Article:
the collection and arranged to have them shipped to the United
After a long period of intense training under the tutelage
of Sal, Mrs. Weil's son Jim was ready to perform in front
of an audience and the birth of "The Macri-Weil Sicilian
Puppet Theater" came about in 1963. Using the Puppet
House as their home they went on to perform in theater's,
universities, museums and puppet festivals throughout America.
In 1973 Sal and Jim began training Tim Gable and Joe Davis
in the art of Sicilian puppetry and the puppet troupe began
to grow. Sadly, in 1999 Salvatore Macri after 36 years of
performing with the troupe retired. He also requested that
his family name be retired. To respect his wishes we will
no longer perform under the name Macri-Weil. We will now be
known as " The Sicilian Puppets of Sebastiano Zappala
". We will always be grateful to Sal for helping to teach
us this beautiful and unique art-form, and hope he has a long
and happy retirement.
The Sicilian Puppets of Sebastiano Zappala are available
to perform throughout America. They are also on display at
the Theater and available to do demonstrations for schools
and tour groups. For more information call us at (203) 488
- 5752 or write us at The Puppet House 128 Thimble Island
Rd. Stony Creek CT 06405.
History of The Theater
The Puppet House was originally built in 1903 as a silent
Movie Theater called " The Lyric Theater". In 1920
The Parish Players, a Stony Creek Community Theater group
purchased the building and opened it as The Stony Creek Theater.
At this time the stage area and fly gallery were added on.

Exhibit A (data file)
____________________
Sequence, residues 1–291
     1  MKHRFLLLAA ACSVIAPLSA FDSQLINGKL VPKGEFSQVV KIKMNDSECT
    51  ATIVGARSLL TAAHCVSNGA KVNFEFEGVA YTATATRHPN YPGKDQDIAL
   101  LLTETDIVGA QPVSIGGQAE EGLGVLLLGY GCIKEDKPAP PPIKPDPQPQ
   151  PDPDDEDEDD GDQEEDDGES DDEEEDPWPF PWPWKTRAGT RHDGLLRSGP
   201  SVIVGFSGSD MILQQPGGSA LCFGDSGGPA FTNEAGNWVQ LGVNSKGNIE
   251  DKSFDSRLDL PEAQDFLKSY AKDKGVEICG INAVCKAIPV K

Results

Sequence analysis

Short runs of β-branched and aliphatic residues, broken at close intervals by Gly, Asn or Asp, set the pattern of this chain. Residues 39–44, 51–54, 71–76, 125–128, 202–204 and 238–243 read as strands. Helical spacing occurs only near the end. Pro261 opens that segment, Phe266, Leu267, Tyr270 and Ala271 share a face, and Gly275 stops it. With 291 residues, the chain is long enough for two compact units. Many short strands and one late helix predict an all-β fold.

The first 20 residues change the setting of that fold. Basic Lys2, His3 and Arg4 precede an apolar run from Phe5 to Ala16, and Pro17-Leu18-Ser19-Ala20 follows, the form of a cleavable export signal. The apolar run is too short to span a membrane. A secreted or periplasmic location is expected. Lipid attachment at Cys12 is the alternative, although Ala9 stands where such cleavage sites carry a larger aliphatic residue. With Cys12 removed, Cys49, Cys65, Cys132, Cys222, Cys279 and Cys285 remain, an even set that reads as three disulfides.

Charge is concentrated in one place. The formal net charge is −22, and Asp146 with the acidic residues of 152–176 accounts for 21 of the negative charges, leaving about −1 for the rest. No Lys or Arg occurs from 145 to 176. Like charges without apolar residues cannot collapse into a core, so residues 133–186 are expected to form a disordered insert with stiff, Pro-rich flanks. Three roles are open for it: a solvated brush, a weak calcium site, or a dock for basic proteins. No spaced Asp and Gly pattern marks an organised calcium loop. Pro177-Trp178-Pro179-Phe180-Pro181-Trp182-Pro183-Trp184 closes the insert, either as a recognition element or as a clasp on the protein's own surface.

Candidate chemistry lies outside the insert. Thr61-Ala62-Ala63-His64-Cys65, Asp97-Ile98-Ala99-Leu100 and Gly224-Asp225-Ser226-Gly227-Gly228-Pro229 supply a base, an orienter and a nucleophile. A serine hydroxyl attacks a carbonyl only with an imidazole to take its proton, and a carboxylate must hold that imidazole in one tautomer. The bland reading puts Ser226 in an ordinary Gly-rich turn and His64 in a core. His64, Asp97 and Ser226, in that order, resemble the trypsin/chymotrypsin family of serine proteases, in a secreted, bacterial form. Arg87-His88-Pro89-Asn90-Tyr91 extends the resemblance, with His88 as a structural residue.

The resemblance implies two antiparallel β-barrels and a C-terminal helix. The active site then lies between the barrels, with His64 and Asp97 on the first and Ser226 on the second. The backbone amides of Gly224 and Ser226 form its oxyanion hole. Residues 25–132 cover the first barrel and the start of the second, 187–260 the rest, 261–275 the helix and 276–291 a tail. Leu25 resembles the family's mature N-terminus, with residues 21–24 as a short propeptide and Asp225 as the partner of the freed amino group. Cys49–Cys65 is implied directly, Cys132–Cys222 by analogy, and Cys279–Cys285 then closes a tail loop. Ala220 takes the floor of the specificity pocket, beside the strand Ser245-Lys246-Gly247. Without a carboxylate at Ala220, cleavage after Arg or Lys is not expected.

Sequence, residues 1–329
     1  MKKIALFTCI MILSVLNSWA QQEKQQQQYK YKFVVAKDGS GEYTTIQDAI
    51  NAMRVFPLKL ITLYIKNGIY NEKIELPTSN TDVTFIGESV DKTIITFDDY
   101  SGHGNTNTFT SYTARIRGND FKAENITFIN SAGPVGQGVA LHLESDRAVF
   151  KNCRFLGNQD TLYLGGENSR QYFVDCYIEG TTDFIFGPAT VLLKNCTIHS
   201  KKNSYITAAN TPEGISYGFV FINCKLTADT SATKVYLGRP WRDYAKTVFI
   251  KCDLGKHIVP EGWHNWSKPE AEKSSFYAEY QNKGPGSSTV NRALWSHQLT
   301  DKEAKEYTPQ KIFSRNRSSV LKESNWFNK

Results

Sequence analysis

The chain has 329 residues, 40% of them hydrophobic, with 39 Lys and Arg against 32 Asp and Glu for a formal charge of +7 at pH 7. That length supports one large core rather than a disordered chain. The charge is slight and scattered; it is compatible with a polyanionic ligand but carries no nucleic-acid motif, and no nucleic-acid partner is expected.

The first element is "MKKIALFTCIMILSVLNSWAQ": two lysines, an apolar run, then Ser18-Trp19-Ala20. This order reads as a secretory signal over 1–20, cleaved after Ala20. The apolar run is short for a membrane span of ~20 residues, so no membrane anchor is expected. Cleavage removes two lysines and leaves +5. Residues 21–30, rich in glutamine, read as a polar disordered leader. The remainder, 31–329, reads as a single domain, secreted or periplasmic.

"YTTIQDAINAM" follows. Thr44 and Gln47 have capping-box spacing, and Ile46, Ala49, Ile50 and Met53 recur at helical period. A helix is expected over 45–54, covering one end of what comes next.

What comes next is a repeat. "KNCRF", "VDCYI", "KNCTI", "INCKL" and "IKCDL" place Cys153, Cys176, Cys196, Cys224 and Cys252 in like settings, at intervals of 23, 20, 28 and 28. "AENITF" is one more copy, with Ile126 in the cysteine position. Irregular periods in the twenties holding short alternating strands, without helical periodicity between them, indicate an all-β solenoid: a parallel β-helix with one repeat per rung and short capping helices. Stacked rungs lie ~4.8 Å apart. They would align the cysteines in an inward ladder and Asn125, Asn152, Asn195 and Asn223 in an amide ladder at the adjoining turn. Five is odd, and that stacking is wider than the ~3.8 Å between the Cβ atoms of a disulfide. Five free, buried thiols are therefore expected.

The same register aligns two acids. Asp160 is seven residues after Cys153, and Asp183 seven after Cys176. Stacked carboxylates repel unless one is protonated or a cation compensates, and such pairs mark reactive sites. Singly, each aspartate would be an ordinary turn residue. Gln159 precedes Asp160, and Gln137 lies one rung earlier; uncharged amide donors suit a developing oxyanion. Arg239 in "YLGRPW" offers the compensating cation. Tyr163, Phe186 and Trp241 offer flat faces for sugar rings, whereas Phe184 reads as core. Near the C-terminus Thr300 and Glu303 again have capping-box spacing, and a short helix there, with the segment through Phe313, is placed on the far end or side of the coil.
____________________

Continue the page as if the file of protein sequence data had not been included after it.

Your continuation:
The Parish Players in collaboration with Lee Shubert went
on to produce the world premiere of " Death Takes a Holiday
In the 1930's the Theater became a Professional summer stock
house. Such stars as Orson Welles, Joseph Cotten and many
other members of the Mercury Players performed here. They
began experimenting with film, which was to include a Stony
Creek production of " To Much Johnson " a Farce
written by William Gillette.
During W.W.II, the building was transformed into a parachute
factory and did it's part to help in the war effort. After
the war the building became a woman's garment factory. Through
this era of its history many locals were employed here. Oil
stains can still be seen in the floor from the sewing machines.
The factory moved out in 1959 and the Theater was about to
start a new chapter in its history.
In 1960, Grace Weil, a local puppet collector, decided she
needed a place to display her puppets. she purchased the building
with the intentions of opening an International puppet museum.
Shortly after she acquired the Sicilian puppets that now adorn
the walls. Mrs. Weil proceeded to transform the building back
into a Theater and named it The International Puppet Museum.
Unfortunately Grace passed away shortly after the puppets
began performing in 1963. Her son Jim Weil then took over
the building and kept it alive with puppet shows and allowing
various Theater groups, bands and artist to showcase their
art here. He always believed that the Theater belonged to
Stony Creek and the community. With his love for music and
the arts, the puppet House soon became a valuable community
cultural resource for the shoreline and Connecticut.